Certainly, commuter carriers operating in the congested Northeast will continue operating on non-PTC equipped track beyond the Dec. 31, 2018, deadline for its installation because other FRA safety measures will govern operation.
Halting New Jersey Transit or Metro-North commuter railroads because a PTC deadline cannot be met and other safety measures are in place would be ridiculous. If commuter carriers in the Northeast can continue operating beyond the Dec. 31, 2018, PTC deadline, then certainly the Southwest Chief can, also.
Indeed, there is additional mitigation for safety risks, such as Automatic Train Stop or even solar powered switch position indicators. And, yes, it will take time and funding, but neither Amtrak management nor its board of directors has made clear whether service would be continued while those mitigations are funded and completed. If it is not made clear by July, then Amtrak management and its board is validating my allegation of “weaponizing” safety to attack Amtrak’s national interconnected passenger train network.
Make no mistake: I am strongly in support of Positive Train Control technology, and my record as the nation’s rail safety regulator speaks for itself. Safety conscious railroaders know that PTC is not an off-the-shelf technology, and where the FRA has allowed extensions and exclusions, there are available safety mitigations.
A pattern is emerging of Amtrak management and its board of directors seeking, on its own and without public input and transparency, to hog all Amtrak federal financial assistance to complete Northeast Corridor (NEC) rail projects such as the Gateway Program, to procure new “city pair” trainsets for off-NEC operation, and to shorten Amtrak long-distance routes so as to shift costs to states, ultimately destroying Amtrak’s national interconnectivity.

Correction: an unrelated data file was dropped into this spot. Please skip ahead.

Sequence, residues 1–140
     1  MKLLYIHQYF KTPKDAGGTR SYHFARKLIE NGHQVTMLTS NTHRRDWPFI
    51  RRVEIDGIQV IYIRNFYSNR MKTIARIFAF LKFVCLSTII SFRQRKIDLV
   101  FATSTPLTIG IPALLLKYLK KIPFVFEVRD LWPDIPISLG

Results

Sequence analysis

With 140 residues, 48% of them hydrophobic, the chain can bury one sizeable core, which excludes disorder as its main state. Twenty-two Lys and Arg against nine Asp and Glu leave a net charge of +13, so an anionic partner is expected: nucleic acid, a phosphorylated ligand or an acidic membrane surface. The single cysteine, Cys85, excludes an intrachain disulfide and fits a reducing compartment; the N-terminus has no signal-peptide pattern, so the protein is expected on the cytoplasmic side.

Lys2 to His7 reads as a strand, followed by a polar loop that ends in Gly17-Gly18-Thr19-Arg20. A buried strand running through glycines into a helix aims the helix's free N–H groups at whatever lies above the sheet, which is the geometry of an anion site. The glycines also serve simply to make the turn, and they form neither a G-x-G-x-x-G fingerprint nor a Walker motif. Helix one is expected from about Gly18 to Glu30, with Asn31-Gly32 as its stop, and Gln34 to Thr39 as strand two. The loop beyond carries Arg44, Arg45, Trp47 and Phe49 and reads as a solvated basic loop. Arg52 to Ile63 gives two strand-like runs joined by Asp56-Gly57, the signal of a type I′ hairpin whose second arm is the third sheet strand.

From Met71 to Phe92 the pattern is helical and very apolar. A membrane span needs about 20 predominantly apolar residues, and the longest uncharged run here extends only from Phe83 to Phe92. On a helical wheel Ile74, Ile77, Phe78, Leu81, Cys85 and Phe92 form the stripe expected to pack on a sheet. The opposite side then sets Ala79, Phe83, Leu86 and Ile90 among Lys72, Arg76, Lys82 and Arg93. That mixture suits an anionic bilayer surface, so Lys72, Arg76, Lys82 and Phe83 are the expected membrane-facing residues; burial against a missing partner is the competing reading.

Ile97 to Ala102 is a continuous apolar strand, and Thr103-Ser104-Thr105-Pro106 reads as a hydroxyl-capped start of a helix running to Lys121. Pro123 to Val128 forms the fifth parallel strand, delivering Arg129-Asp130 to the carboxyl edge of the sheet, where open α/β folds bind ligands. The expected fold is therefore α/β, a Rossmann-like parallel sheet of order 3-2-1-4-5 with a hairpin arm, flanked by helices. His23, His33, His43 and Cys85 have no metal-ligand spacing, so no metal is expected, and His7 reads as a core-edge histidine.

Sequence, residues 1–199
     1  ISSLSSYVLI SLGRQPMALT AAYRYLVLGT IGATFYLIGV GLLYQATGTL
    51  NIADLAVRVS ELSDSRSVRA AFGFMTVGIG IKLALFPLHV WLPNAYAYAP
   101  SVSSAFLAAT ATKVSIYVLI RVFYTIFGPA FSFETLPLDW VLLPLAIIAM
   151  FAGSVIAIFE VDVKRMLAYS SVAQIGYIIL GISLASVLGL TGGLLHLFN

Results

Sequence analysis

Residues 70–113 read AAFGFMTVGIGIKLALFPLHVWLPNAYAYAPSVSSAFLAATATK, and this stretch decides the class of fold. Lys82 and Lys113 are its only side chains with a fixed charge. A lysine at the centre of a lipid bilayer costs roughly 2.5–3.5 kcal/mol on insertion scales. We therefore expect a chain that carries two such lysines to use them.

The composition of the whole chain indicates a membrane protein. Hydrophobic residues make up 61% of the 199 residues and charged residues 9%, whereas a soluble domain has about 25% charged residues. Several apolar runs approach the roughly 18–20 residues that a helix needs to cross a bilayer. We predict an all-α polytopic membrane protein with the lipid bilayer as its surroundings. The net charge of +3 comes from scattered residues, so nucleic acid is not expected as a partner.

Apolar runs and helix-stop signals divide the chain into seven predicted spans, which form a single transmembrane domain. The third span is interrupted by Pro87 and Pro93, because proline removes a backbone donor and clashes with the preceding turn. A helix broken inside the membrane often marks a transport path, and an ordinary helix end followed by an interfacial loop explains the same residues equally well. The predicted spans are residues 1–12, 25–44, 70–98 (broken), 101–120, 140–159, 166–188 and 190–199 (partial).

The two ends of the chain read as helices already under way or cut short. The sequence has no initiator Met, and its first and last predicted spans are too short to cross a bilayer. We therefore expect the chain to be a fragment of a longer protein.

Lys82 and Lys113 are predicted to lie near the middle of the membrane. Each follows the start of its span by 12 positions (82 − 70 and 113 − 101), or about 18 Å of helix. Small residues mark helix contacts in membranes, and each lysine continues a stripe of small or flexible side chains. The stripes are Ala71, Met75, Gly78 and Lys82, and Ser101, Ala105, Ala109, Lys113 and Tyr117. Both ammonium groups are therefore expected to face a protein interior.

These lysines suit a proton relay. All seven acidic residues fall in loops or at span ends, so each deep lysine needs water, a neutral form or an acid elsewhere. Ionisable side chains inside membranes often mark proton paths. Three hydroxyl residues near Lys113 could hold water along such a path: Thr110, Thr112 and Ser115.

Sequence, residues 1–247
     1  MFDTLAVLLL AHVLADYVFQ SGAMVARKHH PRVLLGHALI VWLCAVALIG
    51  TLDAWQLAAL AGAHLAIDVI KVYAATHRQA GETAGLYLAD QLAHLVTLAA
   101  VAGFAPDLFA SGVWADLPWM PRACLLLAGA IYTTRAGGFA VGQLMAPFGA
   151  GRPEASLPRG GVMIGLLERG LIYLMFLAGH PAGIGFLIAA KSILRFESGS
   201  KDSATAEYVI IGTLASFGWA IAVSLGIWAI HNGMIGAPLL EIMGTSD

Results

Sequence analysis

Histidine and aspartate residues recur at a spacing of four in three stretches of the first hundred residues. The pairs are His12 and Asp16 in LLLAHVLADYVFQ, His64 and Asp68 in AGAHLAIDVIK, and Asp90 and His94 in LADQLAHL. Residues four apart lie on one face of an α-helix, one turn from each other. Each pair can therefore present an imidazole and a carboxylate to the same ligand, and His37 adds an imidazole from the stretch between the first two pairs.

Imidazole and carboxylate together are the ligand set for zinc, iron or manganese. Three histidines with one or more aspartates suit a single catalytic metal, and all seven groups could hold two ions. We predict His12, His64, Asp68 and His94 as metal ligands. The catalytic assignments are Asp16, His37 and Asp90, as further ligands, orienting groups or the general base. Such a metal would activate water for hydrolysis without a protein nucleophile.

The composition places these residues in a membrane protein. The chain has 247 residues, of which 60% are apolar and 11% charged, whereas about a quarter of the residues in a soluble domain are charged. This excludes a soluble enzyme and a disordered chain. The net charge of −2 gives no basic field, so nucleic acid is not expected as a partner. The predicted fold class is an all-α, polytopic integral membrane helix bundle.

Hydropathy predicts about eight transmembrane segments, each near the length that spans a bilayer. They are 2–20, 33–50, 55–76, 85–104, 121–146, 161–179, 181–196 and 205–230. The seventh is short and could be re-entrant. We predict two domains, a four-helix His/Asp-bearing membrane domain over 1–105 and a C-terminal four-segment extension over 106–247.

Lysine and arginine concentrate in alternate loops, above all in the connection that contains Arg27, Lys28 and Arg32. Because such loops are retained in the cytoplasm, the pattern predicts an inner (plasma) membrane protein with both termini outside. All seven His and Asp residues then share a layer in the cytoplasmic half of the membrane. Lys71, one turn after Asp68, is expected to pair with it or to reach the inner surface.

I think current Amtrak management and its board of directors have drawn a line in the sand at the foot of Raton Pass, targeting the Southwest Chief as their first—but not last—long-distance train to target for cutting.
The Southwest Chief issue is the battleground whose outcome will determine the fate of American’s national interconnected rail passenger network. Said more simply, the battle is Raton Pass vs. Gateway. The history of public policy toward Amtrak is that you cannot have one without the other.
Congressional leaders have long asserted that without support for Amtrak’s long-distance trains, federal support for the Northeast Corridor will evaporate.
While there is eminent good reason to fund Northeast Corridor projects, there is equivalent good reason for preserving daily train service to, for example, Dodge City, Kan., La Junta, Colo., and Havre, Mont., where the economic impact is significant and other options non-existent.
Ignoring the political process and unilaterally abandoning service linking Denver with Albuquerque and Los Angeles is equally absurd and would not survive a transparent public process were it allowed.
Joe Boardman retired in 2016 after eight years as Amtrak president and CEO, making him second only to W. Graham Claytor Jr. as Amtrak’s longest serving CEO. Previously (June 2005-December 2008), he was President George W. Bush’s Federal Railroad Administrator. Earlier, Boardman was the longest serving Commissioner of Transportation in New York State history. In 2014, he was Railway Age’s 51st Railroader of the Year.